Bulldog Cuisine: Traditional French Onion Soup

If a man cannot or will not cook, he is not a man. All REAL men – manly men, if you will – know how to cook, and by cook I don’t mean scurry around a studio kitchen yelling “BAM!” and cooking stuff most ordinary chefs don’t cook, like that wretched little Emeril does on his stupid Food Network show. Honestly…what kind of serious chef has his own studio band, complete with an African-American Doc Severinsen? I learned to cook because my mother – God rest her soul – was a superb cook. When I moved out and lived on my own, I had no choice but to teach myself the arcane ways of the kitchen. And now I happily pass what I have learned along to you, gentle reader.

Think of it as nourriture de confort pour la paysannerie française (comfort food for French peasants): the humble onion – coupled with beef broth, stale bread and a little bit of cheese – was once a staple of the poor man’s kitchen. Onions, after all, were cheap and plentiful. Beef broth, easily made from scraps and bones, was also plentiful. Stale bread? Goes without saying. As for the cheese, even the peasantry enjoyed this lactate luxury.

So why is a dish that is comprised almost entirely of onions so delectable as to become a common component of everyday American cuisine?  The secret lies primarily in the manner in which the onions are cooked before the soup is even assembled: saute them in butter under low heat to caramelize the sugar and cook off the pungent enzymes that make our eyes water.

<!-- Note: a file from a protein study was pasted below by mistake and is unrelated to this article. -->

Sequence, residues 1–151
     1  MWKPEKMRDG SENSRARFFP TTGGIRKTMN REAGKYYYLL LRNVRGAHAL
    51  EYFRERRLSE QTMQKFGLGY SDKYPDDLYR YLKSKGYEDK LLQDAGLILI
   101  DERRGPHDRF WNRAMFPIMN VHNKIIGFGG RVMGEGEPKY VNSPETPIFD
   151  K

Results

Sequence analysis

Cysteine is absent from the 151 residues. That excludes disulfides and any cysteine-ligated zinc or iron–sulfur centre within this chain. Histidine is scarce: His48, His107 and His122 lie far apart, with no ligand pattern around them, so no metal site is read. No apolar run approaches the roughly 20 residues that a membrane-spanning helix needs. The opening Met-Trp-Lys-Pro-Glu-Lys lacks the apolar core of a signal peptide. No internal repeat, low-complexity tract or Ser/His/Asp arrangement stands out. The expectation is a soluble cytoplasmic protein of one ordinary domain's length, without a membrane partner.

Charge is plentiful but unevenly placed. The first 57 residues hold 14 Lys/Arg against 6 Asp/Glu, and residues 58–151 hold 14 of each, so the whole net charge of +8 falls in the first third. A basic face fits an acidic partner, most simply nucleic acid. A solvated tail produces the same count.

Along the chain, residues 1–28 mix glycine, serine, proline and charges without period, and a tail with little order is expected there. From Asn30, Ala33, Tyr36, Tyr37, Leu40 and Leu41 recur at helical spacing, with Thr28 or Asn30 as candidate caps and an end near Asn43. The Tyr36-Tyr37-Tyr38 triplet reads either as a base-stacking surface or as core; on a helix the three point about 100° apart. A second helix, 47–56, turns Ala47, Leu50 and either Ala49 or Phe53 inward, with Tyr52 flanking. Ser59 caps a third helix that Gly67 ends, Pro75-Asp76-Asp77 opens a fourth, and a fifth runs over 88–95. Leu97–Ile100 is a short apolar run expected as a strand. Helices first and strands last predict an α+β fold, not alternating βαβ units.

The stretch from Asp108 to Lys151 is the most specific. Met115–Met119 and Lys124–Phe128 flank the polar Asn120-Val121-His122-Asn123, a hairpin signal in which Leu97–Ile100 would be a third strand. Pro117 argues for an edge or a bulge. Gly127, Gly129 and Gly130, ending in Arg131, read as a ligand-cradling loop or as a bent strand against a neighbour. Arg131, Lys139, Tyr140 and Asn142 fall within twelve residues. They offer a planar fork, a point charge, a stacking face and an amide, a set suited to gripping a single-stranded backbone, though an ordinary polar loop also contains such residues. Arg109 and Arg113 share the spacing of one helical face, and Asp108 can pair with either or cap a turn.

Before we begin, make sure you have at least 4 soup crocks. You can purchase them at home goods stores or get them on-line.

Now let’s make some soup.


8 large sweet onions (roughly 6 lbs)
3 tbsp butter
1 tsp salt
2 cups white wine
20 oz. canned beef consume
10 oz. unfiltered apple cider
Bouquet garni of thyme sprigs, sage leaves and bay leaf  tied together with kitchen twine
1 loaf Texas toast-style bread
Kosher salt
Ground black pepper
1 cup Gruyere cheese, grated


Peel onions and cut in half lengthwise. Finely slice into half moon shapes by cutting perpendicular to the width of the onion half.

Place a large soup pot on a low flame and add the butter. After the butter has melted, add the onions and salt. Carefully stir to distribute the butter and then stir occasionally for an hour until onions are dark brown and reduced to approximately 2 cups. Make sure to stir occasionally to keep the onions from burning.

Add the wine to cover the onions and turn heat to high. Stir constantly until the wine reduces to a syrupy consistency and then add the consomme, apple cider and bouquet garni. Reduce heat to low and simmer for 30 minutes.

During the simmering time, cut the Texas toast in rounds large enough to fit into the soup crocks. Arrange the slices on a baking sheet and place under broiler for 1 minute.

Season soup mixture to taste with salt and pepper. Remove bouquet garni and ladle the soup into crocks, leaving one inch between the surface of the soup and the top edge of the crock. Place the bread round with the toasted side down on top of the soup and then sprinkle a generous helping of the cheese on top of the bread.

Broil for a couple of minutes until the cheese is bubbly and slightly browned.

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